If you cut out a large number of paper hexagons, you can arrange 6 hexagons around a central hexagon and form a honeycomb tiling of the plane. The plane has zero curvature. Its flat. Any triangle you draw on this plane has angles that add up to 180 degrees
If you also cut pentagons from paper with the same side length as the hexagons and this time arrange five hexagons around each pentagon (using some tape to hold it all together) you will get a sphere patterned like a soccer ball. The sphere has constant positive curvature. If you draw a triangle on a sphere the sum of its angles will always add up to more than 180 degrees. How much more depends on the area of the triangle as a portion of the area of the sphere. For example a triangle drawn through the pole and two points on the equator can have three 90 degree angles.
If instead of pentagons you use a seven sided polygon (septagon) for the central polygon you will get a nice crinkly surface. (Instructions) This is said to have constant negative curvature and is an example of a hyperbolic plane. The sum of the angles for a triangle drawn on a hyperbolic plane will always be less than 180 degrees.
Another way to make a physical model of a hyperbolic plane is with crochet. Dania Taimina, a Latvian mathematician developed this and has a book with the great title Crocheting Adventures with Hyperbolic Planes. This has inspired many projects world wide including this crochet coral reef.
"Crochet Coral and Anemone Garden" with sea slug by Marianne Midelburg. Photos © The IFF by Alyssa Gorelick.
Lots of surfaces in nature have this crinkly negative curvature. It maximizes surface area in a given volume. Which is great for marine organisms that feed by filtering water, but is also seen in some cacti, succulents, fungi, lichens, lettuce and kale.
I got interested in trying to make 3D meshes with this type of hyperbolic geometry.
To translate the system to Processing we needed two conceptual parts - a constructor to build relationships between stitches and a physics simulator to give material properties allowing the stitches to self optimise their position (ruffle).
Essentially the stitches are replaced with particles connected by springs. The particles are free to move and the springs can be compressed or stretched but have a rest length that they try to reach. The system comes to equilibrium when as many springs are as close as possible to their rest length - a condition that requires a resolved hyperbolic form.
To me, the use of springs looked a bit like the cloth modifier in Blender so I wrote a Sverchok scripted node to generate the hyperbolic geometry. Sverchok is great for this kind of exercise as it seperates out generating the geometry from all the other Blender python stuff. With a Sverchok node all you need to bother with are lists of vertices, edges and faces.
To use the hyperbolic coral node in Blender first install the Sverchok addon. Download the hyperbolic coral code from github. Then load the python file as a text blocks into a blend file. Add a "Scripted Node" to a Sverchok node tree. On the node select the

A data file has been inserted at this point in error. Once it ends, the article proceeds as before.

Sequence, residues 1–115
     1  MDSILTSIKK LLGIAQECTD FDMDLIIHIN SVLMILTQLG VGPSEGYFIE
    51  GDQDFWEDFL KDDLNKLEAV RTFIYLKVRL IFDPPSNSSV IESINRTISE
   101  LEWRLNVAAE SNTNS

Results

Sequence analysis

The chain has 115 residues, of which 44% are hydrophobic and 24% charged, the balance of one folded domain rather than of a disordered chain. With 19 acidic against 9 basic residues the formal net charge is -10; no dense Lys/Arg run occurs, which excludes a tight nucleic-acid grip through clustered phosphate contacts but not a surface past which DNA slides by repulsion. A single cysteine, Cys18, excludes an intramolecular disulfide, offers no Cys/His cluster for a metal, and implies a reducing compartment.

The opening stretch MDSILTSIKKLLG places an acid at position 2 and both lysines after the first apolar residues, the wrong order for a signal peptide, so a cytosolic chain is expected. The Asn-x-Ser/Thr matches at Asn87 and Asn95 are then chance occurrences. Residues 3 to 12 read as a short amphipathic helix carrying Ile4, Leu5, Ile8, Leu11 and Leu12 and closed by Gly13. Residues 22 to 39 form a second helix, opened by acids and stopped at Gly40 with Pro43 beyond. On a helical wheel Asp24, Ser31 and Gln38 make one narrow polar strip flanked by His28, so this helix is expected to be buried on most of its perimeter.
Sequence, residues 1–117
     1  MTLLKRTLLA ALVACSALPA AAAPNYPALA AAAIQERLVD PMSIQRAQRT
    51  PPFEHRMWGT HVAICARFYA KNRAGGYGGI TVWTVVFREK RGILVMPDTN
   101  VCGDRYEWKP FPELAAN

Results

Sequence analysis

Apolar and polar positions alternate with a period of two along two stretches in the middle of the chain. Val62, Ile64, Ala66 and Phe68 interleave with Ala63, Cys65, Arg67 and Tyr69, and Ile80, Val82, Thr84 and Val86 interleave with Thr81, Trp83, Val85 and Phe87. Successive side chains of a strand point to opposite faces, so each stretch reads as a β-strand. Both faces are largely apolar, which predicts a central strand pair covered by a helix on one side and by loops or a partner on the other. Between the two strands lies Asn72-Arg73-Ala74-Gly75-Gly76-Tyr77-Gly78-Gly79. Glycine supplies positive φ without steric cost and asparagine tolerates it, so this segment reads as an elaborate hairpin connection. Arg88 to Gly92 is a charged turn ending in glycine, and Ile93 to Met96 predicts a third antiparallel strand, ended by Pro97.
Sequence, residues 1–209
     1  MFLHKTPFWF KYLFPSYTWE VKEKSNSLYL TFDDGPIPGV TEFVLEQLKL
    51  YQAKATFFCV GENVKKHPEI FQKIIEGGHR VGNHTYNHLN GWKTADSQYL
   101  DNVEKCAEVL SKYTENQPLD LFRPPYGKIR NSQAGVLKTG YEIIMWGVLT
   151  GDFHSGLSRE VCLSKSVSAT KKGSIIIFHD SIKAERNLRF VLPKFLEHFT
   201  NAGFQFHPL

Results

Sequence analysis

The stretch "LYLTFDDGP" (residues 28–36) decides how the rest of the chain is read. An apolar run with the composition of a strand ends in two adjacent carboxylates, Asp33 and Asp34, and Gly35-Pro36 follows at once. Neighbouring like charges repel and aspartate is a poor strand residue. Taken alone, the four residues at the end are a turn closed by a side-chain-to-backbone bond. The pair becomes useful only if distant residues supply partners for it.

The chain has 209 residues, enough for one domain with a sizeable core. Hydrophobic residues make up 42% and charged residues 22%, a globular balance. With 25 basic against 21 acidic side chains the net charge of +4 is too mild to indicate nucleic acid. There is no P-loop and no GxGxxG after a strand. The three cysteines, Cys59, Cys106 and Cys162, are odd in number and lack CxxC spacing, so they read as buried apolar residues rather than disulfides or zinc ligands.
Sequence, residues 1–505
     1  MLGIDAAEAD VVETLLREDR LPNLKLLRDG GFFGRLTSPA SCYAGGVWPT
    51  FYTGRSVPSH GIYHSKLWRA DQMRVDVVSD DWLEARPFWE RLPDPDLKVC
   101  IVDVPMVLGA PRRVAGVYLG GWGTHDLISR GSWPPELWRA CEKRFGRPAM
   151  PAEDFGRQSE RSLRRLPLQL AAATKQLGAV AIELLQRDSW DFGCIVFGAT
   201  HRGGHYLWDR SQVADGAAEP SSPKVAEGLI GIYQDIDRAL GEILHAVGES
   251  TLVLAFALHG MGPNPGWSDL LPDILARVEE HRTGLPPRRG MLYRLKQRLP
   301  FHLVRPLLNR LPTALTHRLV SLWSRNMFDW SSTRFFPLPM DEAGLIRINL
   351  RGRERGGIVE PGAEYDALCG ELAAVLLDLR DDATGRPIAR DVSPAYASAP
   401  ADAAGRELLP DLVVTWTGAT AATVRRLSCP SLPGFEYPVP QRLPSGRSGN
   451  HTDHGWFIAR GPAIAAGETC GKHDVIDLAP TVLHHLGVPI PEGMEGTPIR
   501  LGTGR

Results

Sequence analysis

hyperbolic_coral.py code from the lower drop down. Then click the plugin icon to the right of this field. The node should turn blue with some inputs and outputs. Wire the "Verts" and "Faces" outputs to a "Viewer Draw" node and you should see some geometry as below.
To make this more coral like we use the cloth modifier to wrinkle and deform the mesh.
Bake the output of the "Viewer Draw" node. (select the node and find the "bake" button on the N-panel (Properties shelf) . Click the "Show" button to disable the node and see the object with a name such as "Sv_0".
Go to the Physics tab and enable cloth physics. To the right is a reasonable set of parameters. The most important is to select "Self Collision" under "Cloth Collision" and to set a reasonably high "Quality" for this.
If you are not pinning parts of the mesh (see below) you may want to turn "Gravity" off under "Cloth Field Weights" or the mesh may just fall of the screen when you run the cloth simulation.
Add a "Subdivision Surface" modifier after the "Cloth Modifier". Then run the simulation by starting the animation (Alt-A). Stop the animation when you like the shape and apply the modifiers to bake the mesh.
To get more shape to the surface, subdivide it before applying the cloth modifier. This will slow down the animation process.
To give some structure pin some of the vertices of the mesh. For example select a ring of vertices near the center of the mesh and create a vertex group. Select pinning on the physics cloth tab and select the vertex group just below this. Turn gravity back on. and possibly increase the "Mass" of the cloth to say 0.1. When the cloth simulation is run, These vertices will be pinned in place and the outer edge of the mesh will drape under gravity. After applying the cloth modifier turn the object over so the drapes now go upwards.
All the objects in the top image were created from hyperbolic planes made from this node.
The six parameters in the node change the structure of the surface. Fiddle with them until you get something with the amount of ruffle you like.
"p1" and "p2" give the number of increases in each ring. For example "p1 = 2" and "p2 = 3" means that the vertices in a ring will alternate having 2 edges going to the next ring and 3 edges going to the next largest ring.
"n points" gives the number of points in the first ring.
"n rings" gives the number of ever larger rings.
"r spacing" gives the radial distance between the rings.
"t spacing: gives the spacing between vertices in the same ring.